Microsoft have released the specs for it’s much hyped Project Scorpio, but will it have much effect on the console war?
C1: Hey guys, welcome to P Myth Gaming. So Microsoft has finally unveiled, via Digital Foundry, the specs for Project Scorpio
C2: Or the X Box One S and a half if you prefer.
C1: The premium or boutique system is to the X Box One what the PS4 Pro is to the PS4, and in terms of raw power, Microsoft are making good on their promise to deliver the most powerful console ever. Some are even saying that it’s closer to an entire generational leap, such is the difference between the Scorpio and your garden variety X Box One.
VO: The system has 12gb of GDDR5 RAM compared to the PS4’s 8gig, eight custom x86 cores clocked at 2.3ghz, 40 customised units at…..
C2: snore Big who cares!
C1: Here’s the thing. If you’re the sort of person who gets more excited by tera flops than tera patrick then this will be of interest to you. But whilst the X Box One’s sales haven’t been anything horrendous, the PS4 has been beating it into the ground because of the games available, not because of it’s processing power.
How many people honestly feel their X Box One is underpowered? In terms of third party stuff, you’re largely getting the same experience on Microsoft’s machine as you do on Sony’s. The scorpio is a solution to a problem that didn’t really exist, and the problem that does exist won’t be addressed by it.
X Box has seen two high profile cancellations lately, with first party titles Fable Legends and Scalebound consigned the dustbin. Meanwhile, Sony has been knocking it out of the park with the likes of Horizon Zero Dawn. Similarly, the first party slate for X Box this year isn’t anything to shout about with, errr…. Sea of Thieves… and….
C2: err…. Crackdown? That’s this year right?
C1: The X Box needs games. Sure the Scorpio may tempt some people who want to play their CODs and their Assassin’s Creeds on the best system available, but we’re talking a relatively small crowd there. It’s system exclusives that are gonna shift units, but the Scorpio may hurt, not help X-Box’s fortunes in that regard.
Given the tech involved, it’s entirely possible that this system could retail at anywhere between £500 and £600. For that price you can get a decent gaming PC, and with Microsoft’s Play Anywhere those few exclusives that are available can be played on that PC. It begs the question why anyone would bother upgrading to Scorpio? Especially considering the low price of the Xbox One S now as well.
The thing is, this is the first generation in a while that the most powerful system has sold the most units.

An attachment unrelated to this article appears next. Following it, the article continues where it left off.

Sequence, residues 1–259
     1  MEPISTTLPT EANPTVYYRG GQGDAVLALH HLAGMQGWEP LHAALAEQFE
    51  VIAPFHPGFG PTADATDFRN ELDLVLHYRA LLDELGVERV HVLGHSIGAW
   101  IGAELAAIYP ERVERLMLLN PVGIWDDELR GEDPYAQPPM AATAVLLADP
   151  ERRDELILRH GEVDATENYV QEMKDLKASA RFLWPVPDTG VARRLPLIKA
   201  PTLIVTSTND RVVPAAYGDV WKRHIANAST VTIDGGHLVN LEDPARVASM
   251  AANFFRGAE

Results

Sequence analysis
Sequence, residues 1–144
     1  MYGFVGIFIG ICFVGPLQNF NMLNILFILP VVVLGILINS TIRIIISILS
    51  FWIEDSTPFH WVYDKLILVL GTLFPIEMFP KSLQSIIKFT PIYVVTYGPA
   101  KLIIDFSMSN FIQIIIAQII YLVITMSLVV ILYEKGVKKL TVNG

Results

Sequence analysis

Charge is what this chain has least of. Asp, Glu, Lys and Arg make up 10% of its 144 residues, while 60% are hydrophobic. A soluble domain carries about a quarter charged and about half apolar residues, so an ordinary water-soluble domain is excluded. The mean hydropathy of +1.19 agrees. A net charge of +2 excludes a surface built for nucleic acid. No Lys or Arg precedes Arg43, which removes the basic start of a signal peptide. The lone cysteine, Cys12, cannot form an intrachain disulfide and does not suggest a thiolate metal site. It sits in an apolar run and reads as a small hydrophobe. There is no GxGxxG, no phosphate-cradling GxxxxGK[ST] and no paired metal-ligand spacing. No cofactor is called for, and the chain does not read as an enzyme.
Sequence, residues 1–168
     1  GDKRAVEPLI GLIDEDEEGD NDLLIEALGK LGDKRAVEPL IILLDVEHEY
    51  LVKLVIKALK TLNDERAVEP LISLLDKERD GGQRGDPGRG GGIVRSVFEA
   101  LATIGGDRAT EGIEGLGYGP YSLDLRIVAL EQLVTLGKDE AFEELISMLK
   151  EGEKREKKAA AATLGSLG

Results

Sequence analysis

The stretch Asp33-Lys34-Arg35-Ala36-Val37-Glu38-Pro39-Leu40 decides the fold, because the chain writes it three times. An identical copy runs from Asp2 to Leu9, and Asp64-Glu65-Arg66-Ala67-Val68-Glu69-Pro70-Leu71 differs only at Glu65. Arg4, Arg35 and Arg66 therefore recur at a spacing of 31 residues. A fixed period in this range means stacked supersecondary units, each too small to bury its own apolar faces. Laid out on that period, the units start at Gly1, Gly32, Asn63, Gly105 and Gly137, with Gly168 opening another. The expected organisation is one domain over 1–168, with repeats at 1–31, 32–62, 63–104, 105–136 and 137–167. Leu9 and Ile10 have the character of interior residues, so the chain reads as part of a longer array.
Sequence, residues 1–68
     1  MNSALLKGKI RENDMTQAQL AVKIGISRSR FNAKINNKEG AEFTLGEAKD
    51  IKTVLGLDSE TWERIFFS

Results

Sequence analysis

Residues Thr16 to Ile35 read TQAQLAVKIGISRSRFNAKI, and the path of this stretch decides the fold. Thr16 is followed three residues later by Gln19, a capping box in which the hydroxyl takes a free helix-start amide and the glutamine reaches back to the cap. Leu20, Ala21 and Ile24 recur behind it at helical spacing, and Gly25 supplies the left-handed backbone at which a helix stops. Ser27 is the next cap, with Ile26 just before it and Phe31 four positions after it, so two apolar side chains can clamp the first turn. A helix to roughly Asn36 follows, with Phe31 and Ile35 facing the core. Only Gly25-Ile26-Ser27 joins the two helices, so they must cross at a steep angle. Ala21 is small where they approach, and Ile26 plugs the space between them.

C2: The Wii beat all comers hands down, the all conquering PS2 was outmatched in the power stakes by the Gamecube, and the N64 was trounced by the OG PlayStation.
C1: What’s more is we’ve hit somewhat of a graphics plateau now, and Art direction is playing a far bigger role in determining what games look good, especially as development costs continue to spiral. More and more developers are opting for cool, quirky, or simple yet beautiful visuals to keep those costs down, yet still produce great looking games.
It may be the case that Microsoft have released this spec info now for those that care, allowing them to focus on software at E3
C2: Technical run downs make for an incredible dull presentation.
C1: We’ll have to wait and see what games Microsoft have got lined up, but given that they’ve stated there will be no Scorpio exclusive titles, ie all games will be playable on either Scorpio, the S, or your standard One, there still remains no real reason to pick up a Scorpio over an S on the software front.
They could end up pushing Scorpio as their VR machine, but neither Microsoft nor Oculus
C2: Who Microsoft have some sort of partnership with, Rift headsets coming with an Xbox controller and the two companies working together to optimise performance for Windows
C1: have announced anything yet.
Needless to say, on paper, the Scorpio’s specs are impressive, and there’s nobody who’s been particularly disappointed by what’s been revealed. But there’s no point having a system with all those teraflops if there’s nothing to play on it.
So are you excited by the Scorpio? Are you planning on picking one up, or upgrading your current X Box One? Let me know in the comments below.
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